I broadly agree with what you are saying. I think the television programmes of the West have become more consumer-orientated, promoting aggressive competition.

D H said:
The cited charts are rather suspect. First off, they should be exactly the same, as both are of exactly the same statistic -- emotional distress versus income disparity. Four new countries appear in the second graph. What other countries has the author excluded?
The author is a respected top professional in his field. If there was any obvious 'cherry-picking', this would almost certainly have been picked up by his peers.

D H said:
Secondly and more importantly, the "emotional distress" metric is a rather lousy metric. It depends in part on perception of emotional distress. The US cherishes emotional distress. You can buy pills, well-advertised on TV, to fix your emotional distress. If one pill doesn't work, try another, as advertised on TV. The high emotional distress rate in the US depends in part on things on differences between the US and western Europe other than economic disparity such as time spent in traffic, traffic fatality rates, homicide rates.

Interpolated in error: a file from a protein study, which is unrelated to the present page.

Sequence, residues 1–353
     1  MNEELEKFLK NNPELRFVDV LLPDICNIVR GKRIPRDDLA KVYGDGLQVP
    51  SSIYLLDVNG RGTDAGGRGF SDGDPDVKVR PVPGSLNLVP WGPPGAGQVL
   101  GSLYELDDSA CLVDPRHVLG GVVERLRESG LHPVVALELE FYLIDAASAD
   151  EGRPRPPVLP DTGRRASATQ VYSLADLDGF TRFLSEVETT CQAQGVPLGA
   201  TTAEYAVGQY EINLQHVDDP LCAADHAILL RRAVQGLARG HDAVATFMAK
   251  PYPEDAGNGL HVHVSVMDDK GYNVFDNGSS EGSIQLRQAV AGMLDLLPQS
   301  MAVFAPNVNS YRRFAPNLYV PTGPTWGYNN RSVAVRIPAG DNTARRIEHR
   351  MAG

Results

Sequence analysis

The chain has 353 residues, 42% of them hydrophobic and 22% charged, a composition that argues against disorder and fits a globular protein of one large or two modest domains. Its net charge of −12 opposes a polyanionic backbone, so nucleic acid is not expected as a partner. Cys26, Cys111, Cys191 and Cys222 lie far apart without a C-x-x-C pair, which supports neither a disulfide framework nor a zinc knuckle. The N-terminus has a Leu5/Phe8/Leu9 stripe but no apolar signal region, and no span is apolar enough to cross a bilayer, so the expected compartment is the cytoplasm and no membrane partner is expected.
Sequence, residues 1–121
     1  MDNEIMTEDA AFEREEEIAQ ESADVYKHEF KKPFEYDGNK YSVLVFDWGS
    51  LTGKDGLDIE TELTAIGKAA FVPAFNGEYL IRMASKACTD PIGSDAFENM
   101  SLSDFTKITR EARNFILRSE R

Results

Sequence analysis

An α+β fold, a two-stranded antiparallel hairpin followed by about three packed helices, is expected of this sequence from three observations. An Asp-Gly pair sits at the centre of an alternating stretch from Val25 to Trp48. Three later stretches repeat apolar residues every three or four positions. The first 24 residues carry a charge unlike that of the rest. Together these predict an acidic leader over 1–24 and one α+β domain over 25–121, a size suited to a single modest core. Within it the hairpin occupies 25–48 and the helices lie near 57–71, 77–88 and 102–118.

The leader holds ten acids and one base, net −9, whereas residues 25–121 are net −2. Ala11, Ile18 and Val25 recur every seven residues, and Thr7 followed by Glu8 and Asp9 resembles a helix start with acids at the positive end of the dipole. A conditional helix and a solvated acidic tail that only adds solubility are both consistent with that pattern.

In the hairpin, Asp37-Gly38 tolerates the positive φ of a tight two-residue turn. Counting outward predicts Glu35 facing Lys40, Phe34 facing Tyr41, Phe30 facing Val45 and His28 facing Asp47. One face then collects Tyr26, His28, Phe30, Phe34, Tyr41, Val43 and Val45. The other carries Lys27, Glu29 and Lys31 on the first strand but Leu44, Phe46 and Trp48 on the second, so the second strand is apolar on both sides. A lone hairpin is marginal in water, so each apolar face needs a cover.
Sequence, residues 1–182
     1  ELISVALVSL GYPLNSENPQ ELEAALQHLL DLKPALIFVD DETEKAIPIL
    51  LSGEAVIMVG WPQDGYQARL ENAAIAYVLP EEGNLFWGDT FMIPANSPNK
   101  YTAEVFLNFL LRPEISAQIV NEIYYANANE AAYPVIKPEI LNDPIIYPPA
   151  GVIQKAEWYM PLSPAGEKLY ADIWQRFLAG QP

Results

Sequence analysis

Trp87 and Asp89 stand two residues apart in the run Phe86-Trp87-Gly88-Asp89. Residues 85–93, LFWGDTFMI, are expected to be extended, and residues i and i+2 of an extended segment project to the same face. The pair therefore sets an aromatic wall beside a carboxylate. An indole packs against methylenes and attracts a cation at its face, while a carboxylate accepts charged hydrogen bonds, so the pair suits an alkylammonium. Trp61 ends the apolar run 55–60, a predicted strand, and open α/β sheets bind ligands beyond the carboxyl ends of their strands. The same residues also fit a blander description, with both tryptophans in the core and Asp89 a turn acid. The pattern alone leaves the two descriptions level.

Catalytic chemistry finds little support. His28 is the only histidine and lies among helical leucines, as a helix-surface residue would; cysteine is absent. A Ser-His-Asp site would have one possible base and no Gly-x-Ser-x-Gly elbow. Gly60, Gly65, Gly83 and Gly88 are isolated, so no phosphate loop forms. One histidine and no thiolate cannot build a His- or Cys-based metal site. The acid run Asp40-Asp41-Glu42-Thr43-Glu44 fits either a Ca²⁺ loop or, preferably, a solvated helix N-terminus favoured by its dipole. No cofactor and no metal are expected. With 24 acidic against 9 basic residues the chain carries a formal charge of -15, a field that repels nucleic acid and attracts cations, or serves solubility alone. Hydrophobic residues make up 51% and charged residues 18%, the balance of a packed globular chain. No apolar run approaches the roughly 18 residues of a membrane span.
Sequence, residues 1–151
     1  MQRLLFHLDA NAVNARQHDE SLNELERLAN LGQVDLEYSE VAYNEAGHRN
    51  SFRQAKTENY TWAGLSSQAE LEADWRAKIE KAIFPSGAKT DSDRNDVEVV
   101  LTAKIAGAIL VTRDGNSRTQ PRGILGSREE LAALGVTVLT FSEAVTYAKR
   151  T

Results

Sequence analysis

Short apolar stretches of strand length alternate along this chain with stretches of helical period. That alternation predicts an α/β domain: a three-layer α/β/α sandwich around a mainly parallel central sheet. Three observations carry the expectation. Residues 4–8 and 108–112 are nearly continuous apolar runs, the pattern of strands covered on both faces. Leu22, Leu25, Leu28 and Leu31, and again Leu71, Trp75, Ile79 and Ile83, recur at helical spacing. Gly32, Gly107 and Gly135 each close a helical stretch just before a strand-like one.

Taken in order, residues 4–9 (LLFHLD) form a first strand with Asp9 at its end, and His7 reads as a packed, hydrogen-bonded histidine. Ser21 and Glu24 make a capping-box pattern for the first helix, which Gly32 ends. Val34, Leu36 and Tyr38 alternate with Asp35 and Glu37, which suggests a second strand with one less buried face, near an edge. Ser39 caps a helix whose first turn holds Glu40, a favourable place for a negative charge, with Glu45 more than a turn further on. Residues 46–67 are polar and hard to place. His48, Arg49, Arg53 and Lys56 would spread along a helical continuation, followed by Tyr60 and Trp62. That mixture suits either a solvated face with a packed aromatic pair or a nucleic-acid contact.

The author covers the notion of emotional distress being beneficial to the companies who produce pharmaceuticals, pills etc. A perpetuating wheel.

D H said:
Japan, Belgium, and Germany have incredibly low emotional distress rates. They also happen to have incredibly high suicide rates (http://en.wikipedia.org/wiki/List_of_countries_by_suicide_rate), much higher than the US suicide rate. How to rectify these discrepancies?
A good point, although Germany's rate is comparable to the U.S.A now that I have looked at the table (you are guilty of what you are accusing others of). Japan has a cultural inclination to hari-kari, but I don't know why Belgium should have such a high rate. There's no easy answer of course.
 
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  • #10
Mammo said:
I've just read 'The Selfish Capitalist' by Oliver James. I highly recommend it, especially for the final chapter. His arguments are very compelling with hard scientific evidence in support. He states that in the last 30 years the English-speaking West has become over selfish for own good. The statistics tell a discomforting story. Is reality too much to bear? Will Obama rise to the challenge? Newspaper article.

There seem to be a lot of isms that make people very unhappy, and some unhappily dead. What sort of ism would be preferable over capitalism in your opinion?
 
  • #11
Phrak said:
There seem to be a lot of isms that make people very unhappy, and some unhappily dead. What sort of ism would be preferable over capitalism in your opinion?